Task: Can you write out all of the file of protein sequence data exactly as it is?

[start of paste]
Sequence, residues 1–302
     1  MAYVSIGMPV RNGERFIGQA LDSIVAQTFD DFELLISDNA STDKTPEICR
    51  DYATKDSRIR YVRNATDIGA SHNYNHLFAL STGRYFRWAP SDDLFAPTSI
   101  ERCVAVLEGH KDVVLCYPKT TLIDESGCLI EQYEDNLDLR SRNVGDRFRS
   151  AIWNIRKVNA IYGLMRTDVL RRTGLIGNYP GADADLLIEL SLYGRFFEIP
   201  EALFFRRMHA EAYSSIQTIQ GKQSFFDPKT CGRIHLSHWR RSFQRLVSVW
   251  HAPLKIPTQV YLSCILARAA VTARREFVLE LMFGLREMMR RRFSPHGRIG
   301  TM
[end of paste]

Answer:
Sequence, residues 1–302
     1  MAYVSIGMPV RNGERFIGQA LDSIVAQTFD DFELLISDNA STDKTPEICR
    51  DYATKDSRIR YVRNATDIGA SHNYNHLFAL STGRYFRWAP SDDLFAPTSI
   101  ERCVAVLEGH KDVVLCYPKT TLIDESGCLI EQYEDNLDLR SRNVGDRFRS
   151  AIWNIRKVNA IYGLMRTDVL RRTGLIGNYP GADADLLIEL SLYGRFFEIP
   201  EALFFRRMHA EAYSSIQTIQ GKQSFFDPKT CGRIHLSHWR RSFQRLVSVW
   251  HAPLKIPTQV YLSCILARAA VTARREFVLE LMFGLREMMR RRFSPHGRIG
   301  TM